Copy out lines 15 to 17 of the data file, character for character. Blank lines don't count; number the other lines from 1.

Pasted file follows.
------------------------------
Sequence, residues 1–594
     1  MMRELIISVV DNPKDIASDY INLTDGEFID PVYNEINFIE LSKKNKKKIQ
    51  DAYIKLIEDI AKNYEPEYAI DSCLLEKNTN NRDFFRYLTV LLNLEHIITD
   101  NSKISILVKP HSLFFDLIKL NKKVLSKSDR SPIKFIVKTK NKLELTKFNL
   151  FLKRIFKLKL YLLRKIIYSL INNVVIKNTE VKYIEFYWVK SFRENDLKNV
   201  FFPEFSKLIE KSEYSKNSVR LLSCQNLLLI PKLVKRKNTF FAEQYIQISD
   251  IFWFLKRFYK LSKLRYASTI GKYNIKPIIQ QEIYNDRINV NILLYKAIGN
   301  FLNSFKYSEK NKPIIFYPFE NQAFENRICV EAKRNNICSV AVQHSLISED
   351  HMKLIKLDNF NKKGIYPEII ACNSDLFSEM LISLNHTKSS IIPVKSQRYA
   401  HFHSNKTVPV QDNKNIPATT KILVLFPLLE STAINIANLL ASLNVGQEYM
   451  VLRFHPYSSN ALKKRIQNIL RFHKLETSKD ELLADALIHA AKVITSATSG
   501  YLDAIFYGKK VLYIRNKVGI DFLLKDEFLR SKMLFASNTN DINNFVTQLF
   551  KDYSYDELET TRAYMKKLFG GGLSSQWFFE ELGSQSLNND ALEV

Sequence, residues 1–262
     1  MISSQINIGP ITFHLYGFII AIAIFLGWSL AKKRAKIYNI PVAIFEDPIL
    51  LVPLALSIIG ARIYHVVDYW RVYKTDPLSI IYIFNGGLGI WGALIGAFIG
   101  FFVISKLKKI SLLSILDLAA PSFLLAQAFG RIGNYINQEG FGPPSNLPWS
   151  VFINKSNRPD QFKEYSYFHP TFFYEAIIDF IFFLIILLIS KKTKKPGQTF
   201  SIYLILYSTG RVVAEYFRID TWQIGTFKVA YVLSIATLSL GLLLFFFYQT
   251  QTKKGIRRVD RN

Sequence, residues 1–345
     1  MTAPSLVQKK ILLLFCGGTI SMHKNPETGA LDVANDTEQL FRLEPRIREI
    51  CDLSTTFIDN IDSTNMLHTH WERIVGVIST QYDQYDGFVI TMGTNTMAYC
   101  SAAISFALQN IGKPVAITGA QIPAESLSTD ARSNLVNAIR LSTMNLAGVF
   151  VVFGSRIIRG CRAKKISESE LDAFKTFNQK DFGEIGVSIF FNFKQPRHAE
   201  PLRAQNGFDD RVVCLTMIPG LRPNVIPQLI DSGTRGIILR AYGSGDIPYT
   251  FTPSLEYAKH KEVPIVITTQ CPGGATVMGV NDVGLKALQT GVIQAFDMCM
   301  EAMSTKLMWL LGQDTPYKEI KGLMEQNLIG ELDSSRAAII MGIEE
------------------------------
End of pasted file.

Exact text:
     1  MISSQINIGP ITFHLYGFII AIAIFLGWSL AKKRAKIYNI PVAIFEDPIL
    51  LVPLALSIIG ARIYHVVDYW RVYKTDPLSI IYIFNGGLGI WGALIGAFIG
   101  FFVISKLKKI SLLSILDLAA PSFLLAQAFG RIGNYINQEG FGPPSNLPWS